• Health Equity and Climate Change — This section includes a framework that explores the critical connections between climate change, health, and equity. It also dives into topics like community climate resilience, intergenerational equity, and more.

When it comes to climate change, there’s a lot of work to do. As health communicators, we can help by communicating clearly about how climate change is affecting our health. In our communications, we can also acknowledge that some groups are at greater risk for negative consequences due to factors outside their control. And we can advocate for solutions that give everyone their best shot at living a healthy life.

The skills we hone every day — simplifying complex info, using plain language, and communicating with empathy — will be invaluable tools as we work together to keep ourselves and future generations healthy and safe.

The bottom line: As health communicators, it’s our job to communicate clearly (and often!) about the connection between climate change and public health. APHA’s Climate Change, Health, and Equity Guide can help.

Post about it on X: #HealthComm professionals need to communicate clearly (and often!) about the link between #ClimateChange and #PublicHealth. @PublicHealth’s Climate Change, Health, and Equity Guide can help, says @CommunicateHlth:

Scary Halloween Costumes for Public Health Professionals

3 doodles are dressed up in "scary public health costumes." One is a pumpkin with jargon terms on it, one is a pathogen in disguise, and the other is an influencer chatting about the latest juice cleanse. A tiny trick-or-treating doodle child says, "twick twee."

It’s the spookiest time of year — Halloween is just around the corner! If you find yourself at a loss at what to wear to your company Halloween party, don’t despair, dear readers — we’ve got you covered. Below, you’ll find some scary costume ideas that will have all your public health and health comm colleagues screaming with fright.

  • The Pseudoscience Influencer. What the Pseudoscience Influencer lacks in scientific evidence, they make up for in conviction — passing out misinformation like Halloween candy. They have opinions on just about any health topic, which they promote confidently to their inexplicably large social media following. To create your Pseudoscience Influencer costume, pick up the trendiest lounge set you can find and keep calm and carry on “correcting” your colleagues as they try to share evidence-based info. After all, most health problems are solvable with the right juice cleanse, right?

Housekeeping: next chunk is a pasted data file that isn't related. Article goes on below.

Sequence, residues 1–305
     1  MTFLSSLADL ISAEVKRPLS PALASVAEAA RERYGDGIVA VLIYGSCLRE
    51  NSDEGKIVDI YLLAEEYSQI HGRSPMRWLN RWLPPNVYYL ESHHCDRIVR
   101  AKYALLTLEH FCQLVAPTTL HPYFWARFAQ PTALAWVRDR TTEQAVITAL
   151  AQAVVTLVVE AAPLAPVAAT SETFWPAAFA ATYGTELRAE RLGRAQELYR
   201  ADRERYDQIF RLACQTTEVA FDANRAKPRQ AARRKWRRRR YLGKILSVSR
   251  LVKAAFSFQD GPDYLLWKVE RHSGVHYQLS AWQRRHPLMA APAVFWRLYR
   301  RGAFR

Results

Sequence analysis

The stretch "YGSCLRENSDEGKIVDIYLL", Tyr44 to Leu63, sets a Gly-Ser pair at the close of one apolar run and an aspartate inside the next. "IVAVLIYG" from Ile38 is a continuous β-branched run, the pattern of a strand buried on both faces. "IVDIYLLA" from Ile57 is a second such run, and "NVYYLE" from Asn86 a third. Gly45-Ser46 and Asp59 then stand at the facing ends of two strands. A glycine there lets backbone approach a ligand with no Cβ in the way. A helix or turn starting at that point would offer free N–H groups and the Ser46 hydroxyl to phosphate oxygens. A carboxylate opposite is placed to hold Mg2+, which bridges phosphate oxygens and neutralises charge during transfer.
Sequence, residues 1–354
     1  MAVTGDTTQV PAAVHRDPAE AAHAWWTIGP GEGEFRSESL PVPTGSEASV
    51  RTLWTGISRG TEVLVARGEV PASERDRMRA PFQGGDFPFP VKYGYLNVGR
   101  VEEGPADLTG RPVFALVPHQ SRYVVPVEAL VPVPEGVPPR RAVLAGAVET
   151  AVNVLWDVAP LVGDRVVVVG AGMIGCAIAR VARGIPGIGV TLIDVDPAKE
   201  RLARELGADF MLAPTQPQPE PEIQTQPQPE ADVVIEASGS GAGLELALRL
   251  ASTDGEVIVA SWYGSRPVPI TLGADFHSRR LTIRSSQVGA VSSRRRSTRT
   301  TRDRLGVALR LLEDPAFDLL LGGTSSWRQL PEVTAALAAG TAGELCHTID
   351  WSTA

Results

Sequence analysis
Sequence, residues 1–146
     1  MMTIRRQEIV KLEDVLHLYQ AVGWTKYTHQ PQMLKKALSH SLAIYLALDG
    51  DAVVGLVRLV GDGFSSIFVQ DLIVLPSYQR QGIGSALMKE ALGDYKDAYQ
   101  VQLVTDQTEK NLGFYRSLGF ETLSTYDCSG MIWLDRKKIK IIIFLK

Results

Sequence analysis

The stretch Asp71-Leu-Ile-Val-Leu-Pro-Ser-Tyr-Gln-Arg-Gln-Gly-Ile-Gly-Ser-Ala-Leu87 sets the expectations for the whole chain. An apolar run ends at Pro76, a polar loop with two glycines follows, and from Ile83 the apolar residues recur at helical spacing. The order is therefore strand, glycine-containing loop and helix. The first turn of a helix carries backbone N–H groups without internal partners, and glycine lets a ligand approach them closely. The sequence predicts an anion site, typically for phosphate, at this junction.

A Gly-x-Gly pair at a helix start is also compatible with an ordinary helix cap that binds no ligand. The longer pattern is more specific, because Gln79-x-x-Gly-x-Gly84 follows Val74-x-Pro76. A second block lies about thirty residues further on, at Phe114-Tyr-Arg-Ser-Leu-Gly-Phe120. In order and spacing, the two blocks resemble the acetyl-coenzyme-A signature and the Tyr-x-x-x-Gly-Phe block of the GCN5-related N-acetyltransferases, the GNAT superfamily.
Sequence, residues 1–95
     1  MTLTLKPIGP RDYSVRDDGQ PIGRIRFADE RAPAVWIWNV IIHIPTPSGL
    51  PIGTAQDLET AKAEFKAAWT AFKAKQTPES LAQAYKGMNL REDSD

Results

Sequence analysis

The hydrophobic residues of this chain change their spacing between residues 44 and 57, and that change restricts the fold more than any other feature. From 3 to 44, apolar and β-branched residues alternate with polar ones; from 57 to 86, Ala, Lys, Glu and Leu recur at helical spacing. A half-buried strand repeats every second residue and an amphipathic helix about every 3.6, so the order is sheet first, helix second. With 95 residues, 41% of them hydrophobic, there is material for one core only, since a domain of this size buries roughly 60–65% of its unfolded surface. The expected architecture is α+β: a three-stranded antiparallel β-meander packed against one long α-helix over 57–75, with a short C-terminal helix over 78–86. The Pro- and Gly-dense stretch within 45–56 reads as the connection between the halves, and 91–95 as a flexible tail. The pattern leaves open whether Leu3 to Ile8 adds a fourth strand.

• The Jargon Jack-O’-Lantern. Who doesn’t love an ornately decorated pumpkin to get into the Halloween spirit? Well, in this case, possibly your colleagues. To get your Jargon Jack-O’-Lantern get-up ready, you simply need to gather an all-orange outfit of some kind, a sharpie, and a brown hat. Next, use said sharpie to cover your orange outfit in the most hair-raising, spine-chilling medical and public health jargon terms you can conjure up. Really go for it, and you’ll basically be like a traveling haunted house for health comm folks — everywhere they look it’s “contraindication” and “utilize” and “subcutaneous,” oh my!
  • The Pathogen. Perhaps the most terrifying of all, the Pathogen attaches itself to any gathering of 2 or more people — lurking, uninvited, waiting for a chance to spoil everyone’s fun. To avoid detection, the Pathogen wears neutral-colored clothing. But be ready to mutate, err, pivot at any moment — because just when people think you’re finally gone, you pop back up wearing some ever-so-slightly different accessories.

The bottom line: With our costume ideas, you’re guaranteed to be the talk of every public health Halloween party — though you might not be invited back next year.

Post about it on X: Not sure what to be for #Halloween? @CommunicateHlth’s got you covered! Check out these scary costume ideas for #PublicHealth and #HealthComm professionals: #HealthLiteracy

(Re)building Trust in Public Health

A public health professional doodle reaches out a hand to a perplexed-looking doodle.

We don’t have to tell you, dear readers, that the COVID-19 pandemic has contributed to distrust in public health. When scientific knowledge and health guidance evolve quickly, people often feel confused or misled. Plus, the rise of misinformation has made it hard to tell fact from fiction. And let’s not forget the polarized political climate and rapidly evolving technology (generative AI, anyone?). With this recipe for information overload, it’s no wonder many people have tuned out, lost trust, or both.

Systemic injustice plays a role, too. People from historically marginalized communities — including people of color, LGBTQ+ people, and people with disabilities — may have experienced discrimination and mistreatment from health care providers. And in trying to teach people about health conditions, some experts have shared harmful messages about these groups and others, contributing to stigma in our society.

So where do we go from here? The good news is that health communicators can help rebuild trust by communicating with empathy: creating communication materials that truly reflect our audiences’ perspectives, needs, and lived experiences. And though we’ve featured these tips in other contexts, we thought it was worth rounding them up here.